This chapter sheds light on the ‘country of origin’ concept. The author contends that this concept is composed of micro- and macro-components. He argues that the tourists’ hedonic and monetary gratifications are derived from the travel experiences. Therefore, the country-of-origin image (COI) can have an impact on the destination’s brand extension. In this light, this contribution examines the relationship among COI, overall brand equity and brand extension. The author implies that the hedonic and monetary values can have a moderating effect on the impact of COI and on destination brand extension.

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The Branding of Tourist Destinations: Theoretical and Empirical Insights
Type: Book
ISBN: 978-1-78769-373-9

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Review of Marketing Research
Type: Book
ISBN: 978-0-85724-726-1

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Article
Publication date: 15 April 2020

Ritu Mehta and Sanket Agrawal

The growing market for organic products presents a tremendous opportunity for marketers to extend their existing brands. However, there is hardly any research that…

Abstract

Purpose

The growing market for organic products presents a tremendous opportunity for marketers to extend their existing brands. However, there is hardly any research that investigates the factors extension from an organic parent brand is preferred over extension into same product category for success of such brand extensions. This paper investigates the role of two different bases consumers may use to evaluate the extension into organic product – organic status of the parent brand and its similarity to the extended product category.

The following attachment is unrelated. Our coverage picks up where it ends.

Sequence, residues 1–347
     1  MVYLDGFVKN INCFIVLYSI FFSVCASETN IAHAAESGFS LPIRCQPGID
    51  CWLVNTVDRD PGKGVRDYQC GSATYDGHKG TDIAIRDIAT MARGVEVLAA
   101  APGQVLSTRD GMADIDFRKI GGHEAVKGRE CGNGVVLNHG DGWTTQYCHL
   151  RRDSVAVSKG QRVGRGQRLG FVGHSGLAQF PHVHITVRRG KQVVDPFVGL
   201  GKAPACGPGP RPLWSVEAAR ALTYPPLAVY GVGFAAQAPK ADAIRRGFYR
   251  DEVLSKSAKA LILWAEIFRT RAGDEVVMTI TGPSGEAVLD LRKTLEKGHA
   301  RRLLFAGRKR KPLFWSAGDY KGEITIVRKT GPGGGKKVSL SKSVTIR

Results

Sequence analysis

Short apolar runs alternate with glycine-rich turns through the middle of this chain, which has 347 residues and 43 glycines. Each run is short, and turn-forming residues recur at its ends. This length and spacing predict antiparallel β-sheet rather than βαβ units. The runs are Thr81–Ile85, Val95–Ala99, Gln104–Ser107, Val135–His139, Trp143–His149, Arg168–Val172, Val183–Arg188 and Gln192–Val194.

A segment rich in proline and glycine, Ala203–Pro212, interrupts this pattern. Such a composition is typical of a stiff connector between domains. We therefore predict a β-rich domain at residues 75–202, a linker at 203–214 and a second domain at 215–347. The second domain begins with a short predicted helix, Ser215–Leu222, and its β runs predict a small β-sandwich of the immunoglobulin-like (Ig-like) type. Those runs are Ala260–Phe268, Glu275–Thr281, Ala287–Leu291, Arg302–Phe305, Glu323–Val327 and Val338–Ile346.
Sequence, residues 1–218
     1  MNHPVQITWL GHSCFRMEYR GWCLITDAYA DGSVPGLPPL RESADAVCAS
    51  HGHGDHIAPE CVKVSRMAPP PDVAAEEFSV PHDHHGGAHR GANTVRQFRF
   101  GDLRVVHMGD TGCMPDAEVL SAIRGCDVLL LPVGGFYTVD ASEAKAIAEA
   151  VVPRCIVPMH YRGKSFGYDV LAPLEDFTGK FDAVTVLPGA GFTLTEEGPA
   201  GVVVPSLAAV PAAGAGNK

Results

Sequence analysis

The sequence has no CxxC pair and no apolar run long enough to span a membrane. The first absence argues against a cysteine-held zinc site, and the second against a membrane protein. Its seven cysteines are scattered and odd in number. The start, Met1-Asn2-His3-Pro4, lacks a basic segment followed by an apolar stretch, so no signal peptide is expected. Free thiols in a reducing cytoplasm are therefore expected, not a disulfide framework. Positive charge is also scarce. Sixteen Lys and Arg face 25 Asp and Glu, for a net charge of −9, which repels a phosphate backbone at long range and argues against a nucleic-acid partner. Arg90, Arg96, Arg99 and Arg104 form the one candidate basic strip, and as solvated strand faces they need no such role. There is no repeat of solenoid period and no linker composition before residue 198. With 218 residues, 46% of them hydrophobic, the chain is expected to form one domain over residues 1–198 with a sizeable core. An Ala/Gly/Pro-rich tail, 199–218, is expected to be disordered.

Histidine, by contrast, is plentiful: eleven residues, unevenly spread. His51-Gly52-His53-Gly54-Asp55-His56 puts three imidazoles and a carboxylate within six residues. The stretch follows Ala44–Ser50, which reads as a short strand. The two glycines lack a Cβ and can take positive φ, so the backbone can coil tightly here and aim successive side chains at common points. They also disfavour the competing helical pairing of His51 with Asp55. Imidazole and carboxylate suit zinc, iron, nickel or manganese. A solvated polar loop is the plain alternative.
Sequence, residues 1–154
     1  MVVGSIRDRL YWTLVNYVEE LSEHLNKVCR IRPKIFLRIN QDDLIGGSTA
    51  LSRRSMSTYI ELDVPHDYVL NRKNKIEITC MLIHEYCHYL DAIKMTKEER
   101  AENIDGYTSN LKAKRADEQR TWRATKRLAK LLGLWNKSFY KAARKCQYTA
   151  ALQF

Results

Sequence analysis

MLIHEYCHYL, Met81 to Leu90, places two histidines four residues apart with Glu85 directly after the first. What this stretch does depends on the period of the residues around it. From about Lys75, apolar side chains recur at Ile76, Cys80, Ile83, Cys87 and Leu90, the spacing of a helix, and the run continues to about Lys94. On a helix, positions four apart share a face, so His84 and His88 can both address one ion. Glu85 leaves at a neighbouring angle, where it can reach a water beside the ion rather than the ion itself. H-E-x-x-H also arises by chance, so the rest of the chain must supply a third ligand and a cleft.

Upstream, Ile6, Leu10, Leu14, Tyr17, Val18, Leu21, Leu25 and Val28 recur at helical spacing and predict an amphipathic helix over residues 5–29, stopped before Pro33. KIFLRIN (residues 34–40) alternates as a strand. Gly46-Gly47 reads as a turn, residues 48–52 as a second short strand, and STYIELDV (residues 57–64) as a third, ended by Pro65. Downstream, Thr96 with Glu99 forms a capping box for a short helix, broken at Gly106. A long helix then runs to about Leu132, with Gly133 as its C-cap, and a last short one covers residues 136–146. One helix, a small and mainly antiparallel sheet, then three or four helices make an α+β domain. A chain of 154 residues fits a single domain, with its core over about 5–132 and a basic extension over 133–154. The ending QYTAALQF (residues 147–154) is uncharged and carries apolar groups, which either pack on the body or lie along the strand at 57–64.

Design/methodology/approach

The study involved a 2 × 2 (organic versus regular parent brand and same versus different product category) between-subjects factorial design. Data collected from 164 postgraduate students presented with one of the four scenarios were analysed using ANOVA.

Findings

The results reveal that extensions from organic parent brand versus regular brand, and in the same product category versus different category, are evaluated more favourably. Moreover, extension from an organic parent brand is preferred over extension into same product category.

Originality/value

The research contributes to the extant literature on branding and retailing by building on categorisation theory to explain consumer preference for brand extension when launching a new organic product. The findings provide valuable insights to practitioners to launch a new organic product using brand extension.

Details

International Journal of Retail & Distribution Management, vol. 48 no. 5
Type: Research Article
ISSN: 0959-0552

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Article
Publication date: 24 February 2020

Joseph W. Chang

This study aims to examine the impacts of brand structure (i.e. brand cohesiveness and similarity) on brand perceptions and the adverse effects of brand extensions.

Abstract

Purpose

This study aims to examine the impacts of brand structure (i.e. brand cohesiveness and similarity) on brand perceptions and the adverse effects of brand extensions.

Design/methodology/approach